Galvani, the man

Much of Galvani’s personality and work was conditioned by the century in which he lived. As a scientist and man of letters, he wrote some literary works (short poems, elegies, sonnets, orations) in Italian and in Latin (fitting in with contemporary Italian culture dominated by the classics). Some of these bore the dedication : For my well-beloved wife.

Though he was deeply religious (a member of the Third Secular Order of Saint Francis), he never considered religion put a brake on his research. On the contrary, he felt that science and faith interpreted one another.

His contemporaries described him as gentle, generous and very much a family-man.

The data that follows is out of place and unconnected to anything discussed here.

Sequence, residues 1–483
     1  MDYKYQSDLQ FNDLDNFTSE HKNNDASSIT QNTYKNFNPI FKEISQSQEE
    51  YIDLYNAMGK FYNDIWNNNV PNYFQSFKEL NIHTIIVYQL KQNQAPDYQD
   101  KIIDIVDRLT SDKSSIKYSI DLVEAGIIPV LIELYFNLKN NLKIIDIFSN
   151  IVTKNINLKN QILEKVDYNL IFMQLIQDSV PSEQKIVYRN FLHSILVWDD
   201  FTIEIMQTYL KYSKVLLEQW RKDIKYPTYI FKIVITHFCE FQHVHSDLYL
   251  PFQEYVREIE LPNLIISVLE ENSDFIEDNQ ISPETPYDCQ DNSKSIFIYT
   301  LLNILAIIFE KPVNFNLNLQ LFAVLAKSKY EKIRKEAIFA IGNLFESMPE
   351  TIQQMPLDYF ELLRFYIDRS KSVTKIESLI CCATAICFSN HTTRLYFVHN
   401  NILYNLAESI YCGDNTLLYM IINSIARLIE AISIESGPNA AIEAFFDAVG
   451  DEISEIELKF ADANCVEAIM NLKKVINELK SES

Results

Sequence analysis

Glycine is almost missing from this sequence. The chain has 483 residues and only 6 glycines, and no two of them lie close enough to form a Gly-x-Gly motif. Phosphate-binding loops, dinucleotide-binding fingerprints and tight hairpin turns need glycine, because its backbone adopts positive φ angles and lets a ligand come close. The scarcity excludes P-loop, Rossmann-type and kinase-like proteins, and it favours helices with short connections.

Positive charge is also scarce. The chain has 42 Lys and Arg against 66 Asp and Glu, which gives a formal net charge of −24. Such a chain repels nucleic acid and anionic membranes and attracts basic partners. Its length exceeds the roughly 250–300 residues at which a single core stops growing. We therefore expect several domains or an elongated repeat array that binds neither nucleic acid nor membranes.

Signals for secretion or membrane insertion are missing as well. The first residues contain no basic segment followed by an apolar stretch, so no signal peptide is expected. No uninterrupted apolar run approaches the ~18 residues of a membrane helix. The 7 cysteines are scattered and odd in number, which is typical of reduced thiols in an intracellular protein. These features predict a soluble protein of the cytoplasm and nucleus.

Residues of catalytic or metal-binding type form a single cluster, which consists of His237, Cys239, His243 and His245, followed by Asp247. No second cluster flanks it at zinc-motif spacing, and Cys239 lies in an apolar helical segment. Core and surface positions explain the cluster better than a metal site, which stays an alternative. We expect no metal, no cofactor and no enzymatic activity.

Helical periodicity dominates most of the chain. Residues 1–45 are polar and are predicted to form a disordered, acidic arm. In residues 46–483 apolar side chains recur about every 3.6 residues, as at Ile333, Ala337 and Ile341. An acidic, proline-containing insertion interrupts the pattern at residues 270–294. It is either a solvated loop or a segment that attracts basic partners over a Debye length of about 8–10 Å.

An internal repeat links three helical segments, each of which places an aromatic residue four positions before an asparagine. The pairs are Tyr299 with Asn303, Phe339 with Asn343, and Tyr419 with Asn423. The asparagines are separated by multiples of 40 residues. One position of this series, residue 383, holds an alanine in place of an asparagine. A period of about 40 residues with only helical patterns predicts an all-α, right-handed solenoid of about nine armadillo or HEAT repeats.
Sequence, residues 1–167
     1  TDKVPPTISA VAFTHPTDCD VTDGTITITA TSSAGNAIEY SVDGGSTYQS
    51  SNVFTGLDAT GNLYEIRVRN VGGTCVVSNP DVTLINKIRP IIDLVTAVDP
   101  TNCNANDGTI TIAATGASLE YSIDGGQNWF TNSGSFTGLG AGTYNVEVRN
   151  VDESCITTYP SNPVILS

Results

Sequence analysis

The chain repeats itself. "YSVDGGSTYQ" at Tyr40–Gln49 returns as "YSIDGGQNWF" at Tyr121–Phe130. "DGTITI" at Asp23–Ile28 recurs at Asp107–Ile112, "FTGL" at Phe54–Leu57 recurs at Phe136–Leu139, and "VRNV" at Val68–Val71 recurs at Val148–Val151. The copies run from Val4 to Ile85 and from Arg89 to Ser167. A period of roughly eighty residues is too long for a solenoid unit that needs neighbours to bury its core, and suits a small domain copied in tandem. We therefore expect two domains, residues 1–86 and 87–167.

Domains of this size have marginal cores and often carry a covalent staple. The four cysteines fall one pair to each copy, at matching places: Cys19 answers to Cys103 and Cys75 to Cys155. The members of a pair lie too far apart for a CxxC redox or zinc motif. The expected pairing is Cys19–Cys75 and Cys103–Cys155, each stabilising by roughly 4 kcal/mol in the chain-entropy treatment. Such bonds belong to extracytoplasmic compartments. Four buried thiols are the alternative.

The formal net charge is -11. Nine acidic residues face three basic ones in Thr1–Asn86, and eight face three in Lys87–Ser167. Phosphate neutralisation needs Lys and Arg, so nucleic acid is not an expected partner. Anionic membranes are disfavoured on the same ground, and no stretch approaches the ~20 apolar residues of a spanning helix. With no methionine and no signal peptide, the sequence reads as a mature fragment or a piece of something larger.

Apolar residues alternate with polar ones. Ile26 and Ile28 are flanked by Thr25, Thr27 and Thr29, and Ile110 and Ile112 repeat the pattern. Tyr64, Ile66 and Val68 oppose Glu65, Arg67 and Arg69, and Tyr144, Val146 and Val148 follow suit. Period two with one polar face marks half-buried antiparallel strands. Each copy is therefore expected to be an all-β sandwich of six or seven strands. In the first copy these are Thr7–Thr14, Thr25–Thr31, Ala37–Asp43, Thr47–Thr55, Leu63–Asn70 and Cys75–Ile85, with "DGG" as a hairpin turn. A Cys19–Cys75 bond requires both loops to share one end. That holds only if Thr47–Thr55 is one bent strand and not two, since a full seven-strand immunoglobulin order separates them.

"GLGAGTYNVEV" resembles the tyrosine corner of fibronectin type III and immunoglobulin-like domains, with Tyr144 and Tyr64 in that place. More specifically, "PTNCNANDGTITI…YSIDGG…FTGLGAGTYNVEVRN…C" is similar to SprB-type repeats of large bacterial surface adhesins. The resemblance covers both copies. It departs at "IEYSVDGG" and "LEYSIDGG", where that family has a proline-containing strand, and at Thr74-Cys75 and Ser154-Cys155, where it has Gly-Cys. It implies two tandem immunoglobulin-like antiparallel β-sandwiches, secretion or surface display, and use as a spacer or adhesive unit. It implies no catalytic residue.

In his final years Galvani was grief-stricken at the deaths of his wife, in 1790, and other relatives. To add to his family grief, he was saddened by losing his teaching post, in 1798, because, on religious grounds and on principle, he refused to swear allegiance to the Cisalpine Republic.

He died in poverty on 4th December 1798, before he could enjoy his reinstatement as a pensioned professor emeritus because of his important contributions to science.